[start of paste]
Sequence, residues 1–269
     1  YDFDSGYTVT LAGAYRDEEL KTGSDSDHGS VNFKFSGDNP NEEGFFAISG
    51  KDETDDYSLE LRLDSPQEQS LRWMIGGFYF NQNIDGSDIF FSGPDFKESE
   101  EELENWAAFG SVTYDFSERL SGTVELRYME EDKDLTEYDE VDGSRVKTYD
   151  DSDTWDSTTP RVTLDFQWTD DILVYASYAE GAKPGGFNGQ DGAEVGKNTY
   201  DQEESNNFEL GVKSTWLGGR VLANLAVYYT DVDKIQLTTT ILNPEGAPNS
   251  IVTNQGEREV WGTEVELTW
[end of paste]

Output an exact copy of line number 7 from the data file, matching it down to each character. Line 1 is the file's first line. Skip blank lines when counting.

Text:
   251  IVTNQGEREV WGTEVELTW